The idea that our behaviour can be motivated by the application of rewards and consequences is so deeply entrenched in our society that it can be hard to imagine any other way. It often seems like a logical and natural approach in our homes, our schools and our legal system.

But what happens if these approaches do not work? What happens if, no matter how many times a child is offered a reward, or how many times they experience a consequence, the desired behaviour never materialises? We could write that child off as a hopeless case, or we could question our fundamental assumptions and look for a different way.

In these exclusive extracts from her book, The Trauma and Attachment Aware Classroom, Rebecca Brooks explains why systems of escalating consequences common in many schools so often fail to meet the mark for children with a history of trauma, neglect and loss.

Such systems make several assumptions about the children who are affected by them. The first is that the child knows how to behave. In reality, knowing how to behave is no simple task, even for children who have been raised in secure and nurturing environments.

The second assumption inherent in consequence models is that the child is able to meet the behavioural requirements but is choosing not to for some reason. Rewards and consequences are rooted in the behaviourist model of learning that assumed that children are essentially blank slates, ready to learn through positive and negative reinforcement.

Children do, of course, learn from positive and negative reinforcement. They also experience ‘social learning’ as they observe the behaviour of their peers and adults in their lives. However, as Gore Langton and Boy (2017) observe, children who have experienced trauma may well have learned different things in their early lives than their peers. Stealing food, for instance, is a well-adapted behaviour in an environment where the adults don’t provide meals. When children are removed from environments where these behaviours made perfect sense, and placed in an environment where they don’t, the children appear difficult and challenging. The behaviours which have served them well in one place are likely to land them in trouble in another.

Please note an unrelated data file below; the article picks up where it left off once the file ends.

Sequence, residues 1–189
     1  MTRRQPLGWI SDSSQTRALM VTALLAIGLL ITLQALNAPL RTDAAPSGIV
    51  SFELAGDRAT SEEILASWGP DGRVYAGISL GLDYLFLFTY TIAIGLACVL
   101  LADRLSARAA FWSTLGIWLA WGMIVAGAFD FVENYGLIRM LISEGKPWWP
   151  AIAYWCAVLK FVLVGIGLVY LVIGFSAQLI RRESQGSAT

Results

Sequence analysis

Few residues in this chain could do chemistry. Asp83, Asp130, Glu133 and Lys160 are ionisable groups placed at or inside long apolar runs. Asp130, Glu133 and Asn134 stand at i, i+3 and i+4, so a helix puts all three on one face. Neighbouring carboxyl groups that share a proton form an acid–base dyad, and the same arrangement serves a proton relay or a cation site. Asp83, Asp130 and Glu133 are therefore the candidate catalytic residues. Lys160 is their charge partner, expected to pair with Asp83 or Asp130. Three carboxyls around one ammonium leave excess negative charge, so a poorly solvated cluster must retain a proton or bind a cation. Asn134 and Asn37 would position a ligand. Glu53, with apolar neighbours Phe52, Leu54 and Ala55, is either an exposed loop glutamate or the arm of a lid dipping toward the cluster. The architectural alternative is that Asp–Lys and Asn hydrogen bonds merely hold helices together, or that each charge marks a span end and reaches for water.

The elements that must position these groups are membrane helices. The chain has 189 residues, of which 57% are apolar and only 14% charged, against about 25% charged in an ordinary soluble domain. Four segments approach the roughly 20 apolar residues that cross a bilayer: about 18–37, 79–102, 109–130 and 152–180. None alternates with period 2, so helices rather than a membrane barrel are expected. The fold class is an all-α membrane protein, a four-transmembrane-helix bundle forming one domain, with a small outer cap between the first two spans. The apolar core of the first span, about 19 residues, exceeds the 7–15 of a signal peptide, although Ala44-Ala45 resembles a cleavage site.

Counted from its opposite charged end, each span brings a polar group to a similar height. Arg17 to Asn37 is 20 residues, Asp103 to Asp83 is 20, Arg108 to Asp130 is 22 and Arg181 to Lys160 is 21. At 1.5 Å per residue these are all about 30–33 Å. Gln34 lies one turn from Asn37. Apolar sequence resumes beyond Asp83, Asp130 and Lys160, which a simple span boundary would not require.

Unwanted behaviours may be driven by underlying difficulties. A hyper-vigilant child, primed to be on the alert for danger by years of living in an environment of domestic violence, may well be easily distracted in a busy classroom, fall behind with their work, and distract others. Can they control the behaviour? Some may be able to some of the time, but it will take valuable internal resources that will not then be available for learning. Other underlying causes of unwanted behaviour that are common in children who have experienced trauma might include:

  • Heightened anxiety and poor ability to regulate stress responses leaving children likely to jump to fight-flight-freeze responses
  • Attention difficulties
  • Neurological damage caused by Foetal Alcohol Spectrum Disorder (FASD)
  • Difficulties with impulse control
  • Poor executive functioning skills